Although the highway was officially closed from Feb. 6 to Feb. 10, Sowers noted that a path had been cleared by Feb. 7 for medical emergencies. During the closure, Sowers kept the community updated via Facebook posts and led convoys out of the area for those who needed to buy groceries.
At the same time, further south, a landslide across SR 706 cut off Dennis Day and the other residents of a small neighborhood just a few hundred yards west of the Nisqually entrance to Mount Rainier National Park.
“The main thing that we’re doing is knocking on doors,” says Day, a volunteer firefighter and fire commissioner of Lewis County’s Fire District 17. A number of the area’s residents are in their 80s, and some people who weren’t physically able to serve as first responders nevertheless pitched in as volunteers, showing up with shovels, trucks and backhoes.
“This is the most flooded I've seen it,” Day says.
He calls his neighborhood an “island community”: While technically part of Lewis County, the people there are almost entirely dependent on neighboring Pierce County Fire District 23 for emergency services. The Lewis County seat of Chehalis is about two hours away in ideal conditions, so Day emphasizes that it’s the responsibility of people who live there to check in on each other.
“We don’t all have to go to each other’s birthday parties, but we have to make sure the roads are open,” Day says.
Ultimately, the response to the SR 706 slide brought together local residents, WSDOT emergency response teams, volunteer firefighters from two counties, Pierce County Emergency Management, the Forest Service and Mount Rainier National Park.
Matt Medford, fire chief and only full-time employee of Pierce County’s Fire District 23, says that keeping the community safe would have been more complicated without Mount Rainier National Park as a neighbor. The park has its own law enforcement and emergency services staff, and they offered emergency medical treatment to any residents outside the park boundaries who had been isolated by the slide.
In the mountains of Washington, the road network can be sparse, leaving some communities with only one way in and out. A 2014 Forest Service report on Climate Change Vulnerability and Adaptation in the North Cascades noted that on the roads around the North Cascades and Mount Rainier “the loss of a segment of trail or road can leave large areas inaccessible for long periods depending on the extent of damage and availability of resources for repair.”
The road network through Washington’s mountains is largely inherited from 19th century routes that took the easiest way across the passes. Because terrain limits highway routes, the roads often follow the path of least resistance through valleys or low points. Gravity, water and mudslides follow that same path.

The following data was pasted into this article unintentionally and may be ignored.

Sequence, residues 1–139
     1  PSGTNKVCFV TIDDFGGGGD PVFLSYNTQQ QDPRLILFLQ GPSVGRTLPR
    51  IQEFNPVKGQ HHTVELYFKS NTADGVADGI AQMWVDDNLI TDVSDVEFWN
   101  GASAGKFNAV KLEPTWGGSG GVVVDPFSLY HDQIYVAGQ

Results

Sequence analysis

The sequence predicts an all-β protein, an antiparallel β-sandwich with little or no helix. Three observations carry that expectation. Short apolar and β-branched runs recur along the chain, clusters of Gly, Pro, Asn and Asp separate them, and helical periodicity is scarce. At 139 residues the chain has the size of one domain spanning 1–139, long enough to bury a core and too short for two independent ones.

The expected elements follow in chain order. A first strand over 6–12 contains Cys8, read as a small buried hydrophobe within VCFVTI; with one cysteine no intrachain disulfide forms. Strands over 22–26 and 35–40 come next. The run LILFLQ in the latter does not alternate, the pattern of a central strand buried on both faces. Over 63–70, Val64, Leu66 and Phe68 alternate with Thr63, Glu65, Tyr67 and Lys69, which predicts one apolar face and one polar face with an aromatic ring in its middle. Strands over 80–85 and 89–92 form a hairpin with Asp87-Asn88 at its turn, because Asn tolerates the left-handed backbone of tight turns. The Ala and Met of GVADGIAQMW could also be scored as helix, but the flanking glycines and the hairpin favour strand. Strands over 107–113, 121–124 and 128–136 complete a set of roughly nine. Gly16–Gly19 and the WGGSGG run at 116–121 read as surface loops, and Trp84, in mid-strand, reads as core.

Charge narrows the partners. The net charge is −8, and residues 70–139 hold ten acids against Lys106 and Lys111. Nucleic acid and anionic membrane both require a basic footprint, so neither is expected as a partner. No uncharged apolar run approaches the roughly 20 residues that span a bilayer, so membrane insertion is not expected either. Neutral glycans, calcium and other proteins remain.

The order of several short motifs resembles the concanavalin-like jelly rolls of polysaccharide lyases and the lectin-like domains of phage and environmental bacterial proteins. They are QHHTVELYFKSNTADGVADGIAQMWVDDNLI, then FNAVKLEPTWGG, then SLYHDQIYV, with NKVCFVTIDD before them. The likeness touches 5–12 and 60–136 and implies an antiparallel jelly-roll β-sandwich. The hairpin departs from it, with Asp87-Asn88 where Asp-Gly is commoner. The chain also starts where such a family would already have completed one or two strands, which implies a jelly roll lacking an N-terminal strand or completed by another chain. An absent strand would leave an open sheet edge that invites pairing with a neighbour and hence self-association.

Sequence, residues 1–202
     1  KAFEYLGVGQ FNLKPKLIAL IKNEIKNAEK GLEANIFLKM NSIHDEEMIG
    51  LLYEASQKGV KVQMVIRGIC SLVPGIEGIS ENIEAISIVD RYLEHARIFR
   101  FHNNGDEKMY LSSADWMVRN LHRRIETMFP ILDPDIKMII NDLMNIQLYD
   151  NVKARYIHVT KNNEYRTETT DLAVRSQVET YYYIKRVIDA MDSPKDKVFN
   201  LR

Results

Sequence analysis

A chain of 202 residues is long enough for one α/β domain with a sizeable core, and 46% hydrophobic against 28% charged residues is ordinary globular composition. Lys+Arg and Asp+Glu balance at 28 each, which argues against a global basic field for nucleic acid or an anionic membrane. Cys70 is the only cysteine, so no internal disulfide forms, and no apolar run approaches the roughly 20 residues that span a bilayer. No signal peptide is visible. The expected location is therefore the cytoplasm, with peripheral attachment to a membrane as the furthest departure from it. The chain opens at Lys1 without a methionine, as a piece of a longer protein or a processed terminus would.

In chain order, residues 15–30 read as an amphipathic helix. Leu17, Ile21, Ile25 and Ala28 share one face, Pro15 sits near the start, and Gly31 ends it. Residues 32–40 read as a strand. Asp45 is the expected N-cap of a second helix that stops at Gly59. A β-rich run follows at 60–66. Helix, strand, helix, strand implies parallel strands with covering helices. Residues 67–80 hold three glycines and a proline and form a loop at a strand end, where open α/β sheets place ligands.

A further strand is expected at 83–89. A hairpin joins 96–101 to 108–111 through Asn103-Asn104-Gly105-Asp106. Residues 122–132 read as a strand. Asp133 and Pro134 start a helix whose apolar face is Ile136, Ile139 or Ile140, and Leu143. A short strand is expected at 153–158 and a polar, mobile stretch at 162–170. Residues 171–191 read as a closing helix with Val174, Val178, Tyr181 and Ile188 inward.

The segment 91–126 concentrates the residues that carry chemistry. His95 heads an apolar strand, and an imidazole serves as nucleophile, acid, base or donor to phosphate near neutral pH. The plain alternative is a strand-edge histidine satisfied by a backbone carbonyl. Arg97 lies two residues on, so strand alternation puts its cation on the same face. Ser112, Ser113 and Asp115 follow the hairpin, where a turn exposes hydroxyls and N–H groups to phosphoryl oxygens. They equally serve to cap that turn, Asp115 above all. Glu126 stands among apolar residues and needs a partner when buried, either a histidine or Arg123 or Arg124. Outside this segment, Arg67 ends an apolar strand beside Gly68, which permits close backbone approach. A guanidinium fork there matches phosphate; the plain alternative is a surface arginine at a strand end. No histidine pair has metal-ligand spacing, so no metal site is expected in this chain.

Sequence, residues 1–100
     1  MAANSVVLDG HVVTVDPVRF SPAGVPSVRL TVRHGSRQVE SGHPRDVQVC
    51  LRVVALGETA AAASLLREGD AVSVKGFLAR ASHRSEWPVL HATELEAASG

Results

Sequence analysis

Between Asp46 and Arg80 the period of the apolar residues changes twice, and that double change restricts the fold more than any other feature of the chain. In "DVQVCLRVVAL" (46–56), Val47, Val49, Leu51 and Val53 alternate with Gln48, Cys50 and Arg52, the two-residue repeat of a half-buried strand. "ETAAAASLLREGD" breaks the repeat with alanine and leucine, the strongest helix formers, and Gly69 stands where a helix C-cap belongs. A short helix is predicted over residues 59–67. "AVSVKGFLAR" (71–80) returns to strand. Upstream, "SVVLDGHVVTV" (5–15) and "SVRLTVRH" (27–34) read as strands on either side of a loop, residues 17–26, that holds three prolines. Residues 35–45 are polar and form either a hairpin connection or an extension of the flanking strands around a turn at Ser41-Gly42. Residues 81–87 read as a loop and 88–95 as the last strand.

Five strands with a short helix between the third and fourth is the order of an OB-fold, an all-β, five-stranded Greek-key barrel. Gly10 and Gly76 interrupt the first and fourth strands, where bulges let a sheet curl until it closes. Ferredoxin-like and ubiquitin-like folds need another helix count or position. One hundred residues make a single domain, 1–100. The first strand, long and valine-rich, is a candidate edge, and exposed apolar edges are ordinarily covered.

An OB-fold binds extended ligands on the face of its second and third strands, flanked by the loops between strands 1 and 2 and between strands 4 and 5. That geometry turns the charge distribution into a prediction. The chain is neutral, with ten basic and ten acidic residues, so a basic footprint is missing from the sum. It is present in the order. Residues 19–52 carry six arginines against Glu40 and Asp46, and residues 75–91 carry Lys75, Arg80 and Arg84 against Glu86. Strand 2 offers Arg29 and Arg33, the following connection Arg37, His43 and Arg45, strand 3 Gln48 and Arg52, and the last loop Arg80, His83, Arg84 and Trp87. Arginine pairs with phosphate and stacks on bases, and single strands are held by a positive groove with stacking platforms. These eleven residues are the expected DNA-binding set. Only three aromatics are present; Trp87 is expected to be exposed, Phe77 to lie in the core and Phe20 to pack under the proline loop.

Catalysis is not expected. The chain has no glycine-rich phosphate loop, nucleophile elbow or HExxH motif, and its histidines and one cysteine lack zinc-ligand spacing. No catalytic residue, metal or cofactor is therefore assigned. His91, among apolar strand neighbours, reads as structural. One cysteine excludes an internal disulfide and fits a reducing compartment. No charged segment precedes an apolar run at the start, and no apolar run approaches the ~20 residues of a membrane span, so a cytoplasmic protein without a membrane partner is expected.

“Because we have beautiful mountains and lakes and the Sound, we have a very tricky and narrow corridor of transportation,” says Duvall. “Our rail and many of our road corridors are in the most landslide-susceptible positions.”
'It could hit you'
After the 2014 Oso tragedy killed 43 people near Darrington, the state Department of Natural Resources received funding from the Legislature to do a LiDAR scan of the entire state to evaluate landslide risk. Where landslides have happened in the past is the best predictor of where they’ll happen in the future. Risk maps are being completed county by county and are currently available for King and Pierce counties and along the Columbia River Basin. Results for Whatcom County are due next month and Snohomish County will follow in the fall, but a timeline for completing the rest of the state remains undetermined.
The scans found that 24% of the major roads in Pierce County are routed over areas with moderate or high susceptibility to shallow landslides. In King County, landslides are most frequent along the bluffs overlooking Puget Sound, in river corridors and in the Cascades.
Although Seattle and King County have a robust transportation network and lower odds of isolation by landslide, the possibility is real. More than 8% of Seattle’s surface is considered landslide-prone, and the city’s Office of Emergency Management recognizes that when landslides block roads, it can “inhibit the city’s ability to deliver critical services to impacted neighborhoods.”
In the Monroe area's Skyview Estates neighborhood, the only road into the community was partly destroyed by slides two weeks ago. In King County’s Fall City, residents are being asked to voluntarily evacuate because of a slow-moving slide on the only road of access.
The isolation from slides can leave unexpected damages even for communities that have alternate routes out. Darrington Mayor Dan Rankin says that when a slide on SR 530 cut the town off on March 22, 2014, the alternate route added an hour and a half to most everyone’s commute.
“We were reconnected with a real highway at the six-month mark,” Rankin says. “Social [and] economic impacts were substantial and long lasting.”
In mountain towns, natural hazards like these are common and, according to Fire Chief Medford, some people who were affected by the slide on SR 706 already had access to generators or solar energy.
“For the folks who live out in my neck of the woods, it’s roughly an hour to a major chain grocery store, and I think they’re a little more in tune with getting cut off and having supplies,” Medford says. But he urges even residents of even bigger cities to prepare by having extra food and medicine on hand.
“The folks that are in the suburbs may not always think about that because they’re fortunate to have a good infrastructure,” Medford says. “But it could hit you.”
Cartwright, the resident of the Fairfax Forest Reserve Road area, says she and her neighbors off of the road didn’t worry much after its collapse.
“Half of my neighbors are on solar power and hydroelectricity; we have a landline phone — we’re very self-reliant people,” she says. “I’m not fearful or anything. A lot of us have chickens, I have fresh eggs. I’m making chicken noodle soup.”